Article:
Political Scientist Alex Tan said, “Perhaps our eyes need to be washed by our tears once in a while, so that we can see Life with a clearer view again.”
(This is an update on a 2012 post near that year’s election…seems like a good time to recycle and update, and relook at it.)
A week ago tonight, after all the nastiness of the campaign, the Presidential Election was held and resolved. Some would say I am a political junkie. I read and watch politics a lot, but don’t worry, this is not a political blog or discussion. What really has been more striking to me this week has been the reactions of some people to the election and to others in the news living with the aftermath of Hurricane Sandy.
I have heard discussions and read posts by folks who seem to feel that the loss of the election was a kind of beginning to the end. One posted comments about the fall of the Roman Empire. Of course others, those who won, celebrated as if the salvation of the world had come. The truth is probably neither extreme will likely prove true. Still, the heights and depths that people experienced from the same event is directly connected to viewpoint and attitude. And it is attitude that interests me.
Sunday night we watched a segment on Sixty Minutes on a beach community, Belle Harbor, where many houses burned after the area was inundated by the recent hurricane. Like others hurt by Sandy many were without power, without heat, and some were homeless. The fortitude and positive attitude showcased was amazing. Despite terrible loss, the community was pulling together, and those interviewed were moving forward, cleaning up, even if they were unsure where the future would lead.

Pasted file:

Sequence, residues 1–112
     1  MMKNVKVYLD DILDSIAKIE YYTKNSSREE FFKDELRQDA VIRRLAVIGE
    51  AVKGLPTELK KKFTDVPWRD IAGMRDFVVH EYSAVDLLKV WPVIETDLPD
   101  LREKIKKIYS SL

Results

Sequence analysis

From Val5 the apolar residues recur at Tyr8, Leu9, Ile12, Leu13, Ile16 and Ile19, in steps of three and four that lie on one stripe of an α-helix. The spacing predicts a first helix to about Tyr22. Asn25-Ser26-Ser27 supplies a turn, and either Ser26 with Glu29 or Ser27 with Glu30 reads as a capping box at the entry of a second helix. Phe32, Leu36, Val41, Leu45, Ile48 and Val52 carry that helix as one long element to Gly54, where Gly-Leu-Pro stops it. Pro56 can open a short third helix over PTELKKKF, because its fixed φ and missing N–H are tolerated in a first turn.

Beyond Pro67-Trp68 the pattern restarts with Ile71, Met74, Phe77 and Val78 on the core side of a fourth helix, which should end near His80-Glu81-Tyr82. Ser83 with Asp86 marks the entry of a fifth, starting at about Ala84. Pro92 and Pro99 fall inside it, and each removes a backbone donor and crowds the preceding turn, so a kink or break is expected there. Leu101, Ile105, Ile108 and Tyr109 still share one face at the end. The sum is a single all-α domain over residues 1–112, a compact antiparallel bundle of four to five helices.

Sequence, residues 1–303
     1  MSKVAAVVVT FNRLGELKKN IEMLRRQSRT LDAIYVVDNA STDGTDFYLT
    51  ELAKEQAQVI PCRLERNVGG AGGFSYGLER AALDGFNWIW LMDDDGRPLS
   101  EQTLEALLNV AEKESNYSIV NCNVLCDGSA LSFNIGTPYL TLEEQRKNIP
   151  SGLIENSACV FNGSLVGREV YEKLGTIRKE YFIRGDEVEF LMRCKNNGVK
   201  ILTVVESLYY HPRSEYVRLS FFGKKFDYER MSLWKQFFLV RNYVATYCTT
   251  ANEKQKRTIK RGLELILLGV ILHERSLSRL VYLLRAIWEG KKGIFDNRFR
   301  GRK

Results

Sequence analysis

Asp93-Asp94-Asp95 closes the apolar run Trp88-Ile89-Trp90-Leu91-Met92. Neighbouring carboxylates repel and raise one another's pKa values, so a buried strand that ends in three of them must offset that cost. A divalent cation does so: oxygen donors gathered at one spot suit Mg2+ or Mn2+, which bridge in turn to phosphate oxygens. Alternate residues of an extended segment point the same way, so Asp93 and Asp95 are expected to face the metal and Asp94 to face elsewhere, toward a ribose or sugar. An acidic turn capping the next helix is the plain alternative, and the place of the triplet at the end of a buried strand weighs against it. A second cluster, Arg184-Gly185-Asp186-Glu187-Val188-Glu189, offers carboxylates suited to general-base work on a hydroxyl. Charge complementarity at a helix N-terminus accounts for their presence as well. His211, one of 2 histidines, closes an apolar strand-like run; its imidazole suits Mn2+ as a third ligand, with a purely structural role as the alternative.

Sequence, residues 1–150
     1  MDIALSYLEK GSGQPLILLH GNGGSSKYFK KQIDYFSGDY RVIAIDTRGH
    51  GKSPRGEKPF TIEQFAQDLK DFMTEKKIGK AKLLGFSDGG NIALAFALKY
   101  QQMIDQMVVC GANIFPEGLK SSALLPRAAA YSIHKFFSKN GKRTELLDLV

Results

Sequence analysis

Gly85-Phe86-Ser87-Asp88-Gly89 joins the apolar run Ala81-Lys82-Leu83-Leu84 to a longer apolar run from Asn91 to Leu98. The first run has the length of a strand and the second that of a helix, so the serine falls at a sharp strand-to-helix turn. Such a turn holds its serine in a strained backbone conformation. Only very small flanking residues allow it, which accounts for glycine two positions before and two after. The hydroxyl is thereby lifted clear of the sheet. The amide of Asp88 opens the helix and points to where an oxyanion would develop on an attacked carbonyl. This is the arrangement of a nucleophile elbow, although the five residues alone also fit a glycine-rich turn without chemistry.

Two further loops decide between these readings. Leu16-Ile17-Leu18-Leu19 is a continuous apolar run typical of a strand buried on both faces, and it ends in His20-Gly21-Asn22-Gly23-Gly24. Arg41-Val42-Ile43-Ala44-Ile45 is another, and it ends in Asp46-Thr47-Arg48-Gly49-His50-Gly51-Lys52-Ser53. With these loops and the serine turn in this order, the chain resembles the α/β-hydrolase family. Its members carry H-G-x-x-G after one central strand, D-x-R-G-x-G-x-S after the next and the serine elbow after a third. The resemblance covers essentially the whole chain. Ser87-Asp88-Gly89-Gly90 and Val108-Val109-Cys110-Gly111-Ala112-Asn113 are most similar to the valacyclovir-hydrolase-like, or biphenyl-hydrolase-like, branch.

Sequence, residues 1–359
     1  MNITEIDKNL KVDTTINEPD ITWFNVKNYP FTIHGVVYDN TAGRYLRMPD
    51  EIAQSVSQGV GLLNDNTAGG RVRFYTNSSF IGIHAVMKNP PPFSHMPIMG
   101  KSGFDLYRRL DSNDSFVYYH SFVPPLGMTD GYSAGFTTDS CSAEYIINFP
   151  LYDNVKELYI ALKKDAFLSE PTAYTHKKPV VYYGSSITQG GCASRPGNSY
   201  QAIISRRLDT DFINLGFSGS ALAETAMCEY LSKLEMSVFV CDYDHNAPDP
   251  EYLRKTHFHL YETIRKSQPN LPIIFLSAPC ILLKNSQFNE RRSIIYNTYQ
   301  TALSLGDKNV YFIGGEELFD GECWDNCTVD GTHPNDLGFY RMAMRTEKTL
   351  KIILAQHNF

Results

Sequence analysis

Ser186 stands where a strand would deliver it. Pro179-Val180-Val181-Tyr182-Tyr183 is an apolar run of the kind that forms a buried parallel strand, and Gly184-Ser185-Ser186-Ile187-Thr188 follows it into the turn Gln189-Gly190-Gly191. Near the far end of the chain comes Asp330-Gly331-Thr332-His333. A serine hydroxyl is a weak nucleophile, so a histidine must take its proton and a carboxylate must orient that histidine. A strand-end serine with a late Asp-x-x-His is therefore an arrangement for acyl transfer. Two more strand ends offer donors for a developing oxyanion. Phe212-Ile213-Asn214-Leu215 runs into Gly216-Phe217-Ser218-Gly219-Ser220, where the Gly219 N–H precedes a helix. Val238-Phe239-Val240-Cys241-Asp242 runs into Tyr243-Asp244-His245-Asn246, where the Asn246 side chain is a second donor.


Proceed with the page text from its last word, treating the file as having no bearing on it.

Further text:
And of course these events come on top of the last several years of economic struggles, during which along with 10% of North Carolina I was unemployed for more than a year. Again it seems like there are very distinct ways that people have reacted to these tough times. I think all of us have defaults set to cup half-full or cup half-empty positions.
Some time ago in the much less deep recession in the 90s I had to lay off some staff due to funding cuts and close cases to families as a result. Thanks to a great exec and a phenomenal staff we came up with answers for our clients and ourselves.
At that time I stumbled across a quote that has stuck with me through subsequent times of trial. It is by Charles Swindoll, and though a little long I think it is worth reading.
“The longer I live the more I realize the impact of attitude on life. Attitude, to me, is more important than facts. It is more important than the past, than education, than money, than circumstances, than failure, than success, than what other people think or say or do. It is more important than appearance, giftedness or skill. It will make or break a company…a church…a home. The remarkable thing is we have a choice everyday regarding the attitude we will embrace for that day. We cannot change our past. We cannot change that people will act in a certain way. We cannot change the inevitable. The only thing we can do is play on the one string we have, and that is our attitude. I am convinced that life is 10% what happens to me and 90% how I react to it.”
How powerful that one string is! He’s right. The past is done and cannot be changed by regret or second guessing it. The future can be built by choices made in the present but still is unknowable. But today, today is where we live. And we can actually decide how we experience it, even if we are natural half-cup people. We can look at the vagaries of life, the losses, the problems, and choose to be happy anyway. We can live and love and laugh in the now, despite everything.
And even if we only have one string, we can play it for all we’re worth, adding our note to the plinks of others, creating a symphony.
So pluck away my friends! It will make all the difference.